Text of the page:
The Brooklyn Nets selected University of Texas center Jarrett Allen with the 22nd pick in the 2017 NBA Draft. How will the raw 19-year-old adapt to his new role in Brooklyn?
After sending the 27th overall pick of the 2017 NBA Draft — along with franchise center Brook Lopez — to the Los Angeles Lakers in exchange for former No. 2 overall selection D’Angelo Russell and center Timofey Mozgov, the Brooklyn Nets have selected University of Texas big man Jarrett Allen with the 22nd pick.
Allen, who just finished his freshman season in Austin and just turned 19 years old back in April, averaged 13.4 points and 8.4 rebounds per game for the Longhorns, showing his freakishly athletic ability around the rim.
With a near 7’6″ wingspan, 35.5” maximum vertical, and 9’1 1/2” reach, Allen certainly has the physical profile to be a rim-runner and diver in pick-and-rolls with point guards Jeremy Lin and newly acquired D’Angelo Russell.
"“A large part of the appeal with Allen surrounds his physical profile. Despite standing just 6’9 without shoes, a hair short for a center, he has a tremendous 7’5 ¼ wingspan, a 9’1 ½ standing reach, gigantic hands, and a 234 pound frame that will fill out nicely in time.”"
While he is a bit lanky right now, Allen certainly has an NBA frame and can fit nicely in an up-tempo offense head coach Kenny Atkinson will run.
Allen was most remembered for a dunk against West Virginia in Big 12 play that was recognized as one of the dunks of the year in the 2016-17 college basketball season.
So, how will Allen fit in Brooklyn’s current offense? For starters, the Nets immediately needed a young, up and coming raw big man they can develop in the modern NBA, after losing Brook Lopez this past Tuesday in a trade with the Lakers.
While Allen hasn’t developed much of a face-up game, both Givony and Schmitz see the raw skills necessary to be crafty in the post.
"“Operating with his back to the basket, Allen can palm the ball like a grapefruit, and has good footwork to go along with soft touch. He is capable of finishing with nifty hook shots and up and unders using either hand, sometimes after connecting a series of post moves together with impressive spin moves and body control.“Facing the basket, Allen is largely unpolished, but shows flashes of potential that hint at things to come down the road. He can straight line drive from the high post using his long strides, and showed glimpses of being able to knock down a mid-range jumper with solid shooting mechanics, rotation and touch.”"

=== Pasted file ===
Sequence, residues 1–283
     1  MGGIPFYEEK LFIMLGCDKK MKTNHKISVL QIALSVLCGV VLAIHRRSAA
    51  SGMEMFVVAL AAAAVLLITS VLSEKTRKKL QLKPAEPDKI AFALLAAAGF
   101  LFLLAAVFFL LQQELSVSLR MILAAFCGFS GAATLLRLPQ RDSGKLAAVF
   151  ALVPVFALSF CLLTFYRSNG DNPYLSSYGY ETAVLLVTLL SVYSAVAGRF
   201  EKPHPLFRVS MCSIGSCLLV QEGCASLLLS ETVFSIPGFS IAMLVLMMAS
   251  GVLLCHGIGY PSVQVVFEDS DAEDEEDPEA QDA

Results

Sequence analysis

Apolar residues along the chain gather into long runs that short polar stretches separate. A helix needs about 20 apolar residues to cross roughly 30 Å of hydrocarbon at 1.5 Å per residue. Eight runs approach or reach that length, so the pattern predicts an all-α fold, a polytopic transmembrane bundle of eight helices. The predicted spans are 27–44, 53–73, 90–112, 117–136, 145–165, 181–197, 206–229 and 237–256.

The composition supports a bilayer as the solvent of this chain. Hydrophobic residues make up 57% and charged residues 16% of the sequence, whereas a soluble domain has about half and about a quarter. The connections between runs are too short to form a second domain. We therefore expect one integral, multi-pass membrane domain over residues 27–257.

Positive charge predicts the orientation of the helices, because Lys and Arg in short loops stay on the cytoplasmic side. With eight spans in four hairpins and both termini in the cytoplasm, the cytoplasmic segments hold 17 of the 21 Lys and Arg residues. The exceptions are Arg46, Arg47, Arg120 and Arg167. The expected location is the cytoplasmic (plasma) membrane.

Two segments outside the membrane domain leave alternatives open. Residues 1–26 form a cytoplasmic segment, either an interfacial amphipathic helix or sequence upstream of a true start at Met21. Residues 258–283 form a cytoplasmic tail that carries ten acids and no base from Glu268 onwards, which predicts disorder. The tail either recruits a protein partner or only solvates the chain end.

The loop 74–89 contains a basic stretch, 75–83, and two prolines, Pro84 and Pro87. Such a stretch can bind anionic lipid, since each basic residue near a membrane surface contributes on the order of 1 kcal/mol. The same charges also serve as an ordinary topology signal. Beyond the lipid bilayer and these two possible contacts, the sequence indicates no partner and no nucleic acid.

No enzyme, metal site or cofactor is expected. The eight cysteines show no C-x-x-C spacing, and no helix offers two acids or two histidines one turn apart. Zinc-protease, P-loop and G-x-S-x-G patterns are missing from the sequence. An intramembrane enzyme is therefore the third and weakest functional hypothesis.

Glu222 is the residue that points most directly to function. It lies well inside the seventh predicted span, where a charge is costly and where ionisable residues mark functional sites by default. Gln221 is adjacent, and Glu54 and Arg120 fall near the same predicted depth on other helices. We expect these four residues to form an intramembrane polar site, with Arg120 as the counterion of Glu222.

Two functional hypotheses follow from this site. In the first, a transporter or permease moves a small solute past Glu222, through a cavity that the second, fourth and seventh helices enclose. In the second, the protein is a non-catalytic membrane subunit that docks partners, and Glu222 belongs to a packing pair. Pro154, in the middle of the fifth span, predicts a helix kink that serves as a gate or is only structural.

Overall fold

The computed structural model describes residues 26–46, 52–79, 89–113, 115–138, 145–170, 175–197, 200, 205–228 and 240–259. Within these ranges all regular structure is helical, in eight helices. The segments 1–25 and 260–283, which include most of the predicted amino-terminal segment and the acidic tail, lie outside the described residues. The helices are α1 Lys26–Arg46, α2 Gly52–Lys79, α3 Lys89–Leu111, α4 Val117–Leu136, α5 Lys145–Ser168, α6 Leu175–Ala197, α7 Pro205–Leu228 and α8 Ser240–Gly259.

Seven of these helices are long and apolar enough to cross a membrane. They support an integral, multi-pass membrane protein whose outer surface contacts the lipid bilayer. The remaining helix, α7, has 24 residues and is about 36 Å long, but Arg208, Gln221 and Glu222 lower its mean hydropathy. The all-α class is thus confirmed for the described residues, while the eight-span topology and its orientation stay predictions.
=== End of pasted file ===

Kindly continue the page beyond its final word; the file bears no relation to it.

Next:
When New York Post Nets beat-writer Brian Lewis asked head coach Kenny Atkinson on Wednesday what he was looking for in the NBA Draft, Atkinson answered with “defense and rim protection.”
With Allen’s wingspan and ability to close out defensive switches in the post, the Nets coaching staff will take full advantage of Allen’s physical tools as they polish his overall game.
Givony and Schmitz continue by saying:
"“With all that in mind, it’s unlikely that Allen develops into a prolific scorer early on his career, as he’ll undoubtedly need time to polish his skill-set, fill out his frame, and find consistency in his ability to put the ball in the basket from both the perimeter and interior. That will make his work on the defensive end especially important.“Allen’s tremendous combination of length, reach, agility and ability to get off the floor quickly give him a great framework to build off. He has quick feet as well, being capable of sliding on the perimeter in small doses, covering ground and staying in front of opponents.”"
While I thought a prospect like Indiana University’s OG Anunoby could’ve provided the defensively capabilities on the wing and perimeter athleticism, Brooklyn certainly addressed an immediate need — protecting the paint.
Allen needs to build upon his frame, but his ceiling should continue to skyrocket under a development-focused Nets coaching staff. Allen will have plenty of playing time with a Nets team looking to build off its young core of newly-acquired D’Angelo Russell and Caris LeVert, combined with the veteran leadership of Jeremy Lin.